A Look Into the Future, by BHM Group’s Consultants and Advisers

4 min readFeb 19, 2021


BHM’s Ayeni Adekunle, ID Africa’s Femi Falodun, 14 others write about where our world will be by 2025

As the world continues to grapple with an unprecedented pandemic, increased insecurity, extreme hunger and poverty, questions about the future of our world continue to arise. 16 consultants and advisers from one of Africa’s leading media and public relations companies — BHM Group — weigh-in.

Consumer behaviour, climate change, Corona economy, privacy, government communications, advocacy, marketing communications, and street mapping are some of the topics addressed in a special nine-thousand-word editorial released today.

Ayeni Adekunle, CEO, BHM Group

Ayeni Adekunle, CEO, BHM Group writes on the expectations of consumers, and the rising power of value over brand, “We should expect a boom in health and fitness, in technology, spirituality, and entertainment. And the concept of value over brand could become mainstream, seeing many abandon expensive, crowded cities for the outskirts, or small towns. It will be the same for cars and food and education as consumers practise what the first pandemic in one hundred plus years has taught them. ”

Femi Falodun, CEO, ID Africa

Writing on how marketing communications agencies can survive the challenges of reduced client spend post-Corona, Femi Falodun, a Chartered Marketer and CEO of Lagos-based ID Africa predicts, “agencies, big and small, will need to behave more like product companies in order to survive the next decade. Mastering and adopting NoCode tools will help communicators navigate the unfamiliar waters of technology product development.”

Iretomiwa Akintunde-Johnson, a Lead Adviser at ID Africa

“With the pandemic raging on, coupled with the apparent economic and societal instability, there is a very slim chance that a 20% reduction of greenhouse gas emissions will be achieved. The short and long-term solutions may lie in the country’s estimated 2 billion metric tonne coal reserve, as well as a sustainable approach to wind and solar power — two options that the country has grossly under-utilised,” Iretomiwa Akintunde-Johnson, a Lead Adviser at ID Africa opines, focusing on climate change and its impacts on Nigeria, a West African country of over 200 million people with a nominal GDP of over N43 trillion (over $100 billion).

Africa has a population of over 1.3 billion people and some of the world’s fastest-growing economies. The continent’s GDP is expected to jump to over $5.6 trillion in four years. When compared with the over 7.3 billion population of the world, the top 10 economies already have a GDP of over $58.7 trillion, while the US alone contributed $21 trillion.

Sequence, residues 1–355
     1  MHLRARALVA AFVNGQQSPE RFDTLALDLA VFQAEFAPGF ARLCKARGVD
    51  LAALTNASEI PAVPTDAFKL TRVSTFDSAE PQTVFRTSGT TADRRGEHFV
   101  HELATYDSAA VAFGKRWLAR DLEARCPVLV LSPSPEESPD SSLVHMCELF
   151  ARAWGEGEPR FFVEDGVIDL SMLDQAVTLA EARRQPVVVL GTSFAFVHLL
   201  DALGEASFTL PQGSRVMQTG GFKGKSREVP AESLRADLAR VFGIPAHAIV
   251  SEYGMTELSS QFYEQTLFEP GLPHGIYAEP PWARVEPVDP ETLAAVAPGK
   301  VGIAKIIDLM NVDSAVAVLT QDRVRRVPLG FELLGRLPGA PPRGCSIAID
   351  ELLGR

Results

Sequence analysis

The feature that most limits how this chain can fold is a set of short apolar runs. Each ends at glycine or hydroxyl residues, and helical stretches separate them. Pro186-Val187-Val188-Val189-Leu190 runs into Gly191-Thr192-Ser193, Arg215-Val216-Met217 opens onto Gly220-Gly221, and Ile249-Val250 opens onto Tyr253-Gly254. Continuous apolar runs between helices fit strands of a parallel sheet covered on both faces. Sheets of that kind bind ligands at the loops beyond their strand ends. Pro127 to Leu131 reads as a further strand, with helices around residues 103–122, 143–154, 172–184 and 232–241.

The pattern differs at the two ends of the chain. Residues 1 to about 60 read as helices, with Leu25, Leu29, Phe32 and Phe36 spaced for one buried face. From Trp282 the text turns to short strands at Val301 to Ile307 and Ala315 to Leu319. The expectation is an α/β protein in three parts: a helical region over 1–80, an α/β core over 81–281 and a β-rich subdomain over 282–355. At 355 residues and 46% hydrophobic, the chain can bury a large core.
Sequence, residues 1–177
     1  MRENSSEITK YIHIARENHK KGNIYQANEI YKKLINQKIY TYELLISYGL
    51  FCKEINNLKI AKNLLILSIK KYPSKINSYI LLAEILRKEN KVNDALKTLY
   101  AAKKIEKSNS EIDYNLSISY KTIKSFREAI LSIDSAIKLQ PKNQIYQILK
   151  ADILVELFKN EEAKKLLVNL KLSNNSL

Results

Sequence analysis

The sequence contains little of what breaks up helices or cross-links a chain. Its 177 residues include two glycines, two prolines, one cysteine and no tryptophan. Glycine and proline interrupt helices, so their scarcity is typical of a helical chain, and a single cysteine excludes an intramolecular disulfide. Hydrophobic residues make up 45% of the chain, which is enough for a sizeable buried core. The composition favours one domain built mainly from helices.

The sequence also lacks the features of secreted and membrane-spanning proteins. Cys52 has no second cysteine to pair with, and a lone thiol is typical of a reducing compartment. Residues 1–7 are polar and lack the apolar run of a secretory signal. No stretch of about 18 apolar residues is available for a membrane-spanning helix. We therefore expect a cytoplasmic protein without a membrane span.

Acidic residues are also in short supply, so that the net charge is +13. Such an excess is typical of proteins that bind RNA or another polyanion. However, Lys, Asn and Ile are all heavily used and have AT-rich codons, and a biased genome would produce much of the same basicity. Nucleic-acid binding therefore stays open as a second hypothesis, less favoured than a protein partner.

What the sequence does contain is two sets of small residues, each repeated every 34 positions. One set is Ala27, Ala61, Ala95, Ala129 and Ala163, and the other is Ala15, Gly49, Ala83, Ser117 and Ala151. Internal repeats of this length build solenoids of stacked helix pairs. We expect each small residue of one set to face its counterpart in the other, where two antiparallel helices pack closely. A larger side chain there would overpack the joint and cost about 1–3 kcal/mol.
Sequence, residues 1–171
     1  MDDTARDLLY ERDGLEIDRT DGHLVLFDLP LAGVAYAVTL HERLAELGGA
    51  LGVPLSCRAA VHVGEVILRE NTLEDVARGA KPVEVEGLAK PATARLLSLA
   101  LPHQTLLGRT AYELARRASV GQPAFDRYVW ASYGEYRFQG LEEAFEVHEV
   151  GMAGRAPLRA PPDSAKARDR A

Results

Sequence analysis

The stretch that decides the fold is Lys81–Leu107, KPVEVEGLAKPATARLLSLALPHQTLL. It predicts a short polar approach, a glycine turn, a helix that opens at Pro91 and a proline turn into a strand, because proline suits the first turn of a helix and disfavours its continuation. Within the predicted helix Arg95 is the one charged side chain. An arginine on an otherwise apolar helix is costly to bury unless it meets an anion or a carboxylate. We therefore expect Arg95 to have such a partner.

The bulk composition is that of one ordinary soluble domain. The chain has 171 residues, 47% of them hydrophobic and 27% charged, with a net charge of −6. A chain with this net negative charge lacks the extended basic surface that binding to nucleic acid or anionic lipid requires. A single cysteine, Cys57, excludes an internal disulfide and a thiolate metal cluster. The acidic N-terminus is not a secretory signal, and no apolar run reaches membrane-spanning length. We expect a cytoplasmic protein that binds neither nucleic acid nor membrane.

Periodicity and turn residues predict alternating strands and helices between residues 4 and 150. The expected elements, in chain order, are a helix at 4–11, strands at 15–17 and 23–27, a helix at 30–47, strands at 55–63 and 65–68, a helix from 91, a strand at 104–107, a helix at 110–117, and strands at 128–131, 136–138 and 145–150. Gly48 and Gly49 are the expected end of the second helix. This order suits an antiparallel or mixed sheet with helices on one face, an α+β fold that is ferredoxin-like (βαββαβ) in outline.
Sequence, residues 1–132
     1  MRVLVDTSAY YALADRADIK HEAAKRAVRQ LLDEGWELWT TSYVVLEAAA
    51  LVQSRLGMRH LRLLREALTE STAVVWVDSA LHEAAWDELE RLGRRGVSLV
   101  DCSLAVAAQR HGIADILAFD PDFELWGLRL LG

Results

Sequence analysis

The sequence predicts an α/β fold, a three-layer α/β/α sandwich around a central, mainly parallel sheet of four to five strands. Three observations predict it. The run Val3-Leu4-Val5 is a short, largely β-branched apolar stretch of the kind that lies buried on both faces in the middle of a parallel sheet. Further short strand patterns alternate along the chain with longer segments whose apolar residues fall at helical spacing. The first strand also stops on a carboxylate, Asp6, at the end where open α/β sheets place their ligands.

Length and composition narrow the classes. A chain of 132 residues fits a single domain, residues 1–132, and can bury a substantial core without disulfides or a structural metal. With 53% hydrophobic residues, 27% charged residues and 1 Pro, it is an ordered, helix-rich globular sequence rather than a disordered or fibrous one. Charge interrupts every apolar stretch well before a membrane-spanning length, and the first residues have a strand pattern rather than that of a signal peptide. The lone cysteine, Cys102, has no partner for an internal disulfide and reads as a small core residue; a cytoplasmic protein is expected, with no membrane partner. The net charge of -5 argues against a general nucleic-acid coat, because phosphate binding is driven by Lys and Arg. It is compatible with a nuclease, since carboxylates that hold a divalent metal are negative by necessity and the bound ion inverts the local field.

Samuel Ipinyomi, Adviser, ID Africa

In America, where the dawn of the electric vehicle is breaking and may be one of the world’s biggest solutions to global warming, Samuel Ipinyomi, a public relations Consultant in ID Africa, predicts that ‘‘by the time Biden’s first term is over in 2025, electric vehicles (EVs) could be an everyday thing around the world.”

Meanwhile, the lines between advocacy and activism continue to get blurred, according to Ayeni. “We should expect to see more of the line between advocacy and activism getting blurred; as more and more people get involved in calling for justice; recognising model humans and brands, holding governments accountable; condemning brand misdemeanours, or drawing attention to important issues and policies.”

Sharon Grey, an Adviser at ID Africa

In respect of street culture and the unprecedented influence that the back-streets in areas like Lagos, London, and New York can exert, Sharon Grey, an Adviser at ID Africa says, “The next decade will show us the power of street mapping. And those individuals and initiatives who can rise up and act as a bridge between the ‘street’ and the opportunities that they seek, may well be on their way to tapping into a new source of influence — passionate, raw and real just like its advocates.”

Other contributors to the project include Oyindamola Benjamin-Black, a chartered accountant and head of finance at BHM; Omolade Opanuga, a lawyer who’s leading corporate and Legal Services for BHMG; Precious Nwachukwu, BHM’s Lead Consultant responsible for MTN business; Consultants Fayokemi Fadeyi and Tomide Adeyeye; as well as Blossom Deji-Folutile, and Tunde Aboaba, both Associate Consultants.

Njideka Akabogu, a former editor who’s now Lead Adviser at ID Africa; Prince Ehima, a Lead Designer and Timilehin Adebiyi, a communications Adviser, also contributed.

BHM Group seeks to foster an in-depth understanding of the world’s business, tech, commercial, and communications landscape, with a unique perspective that Africa provides. The series is to be updated bi-annually, in order to serve as a guide to where our world could be five years from now.

You can read the entire editorial by clicking HERE




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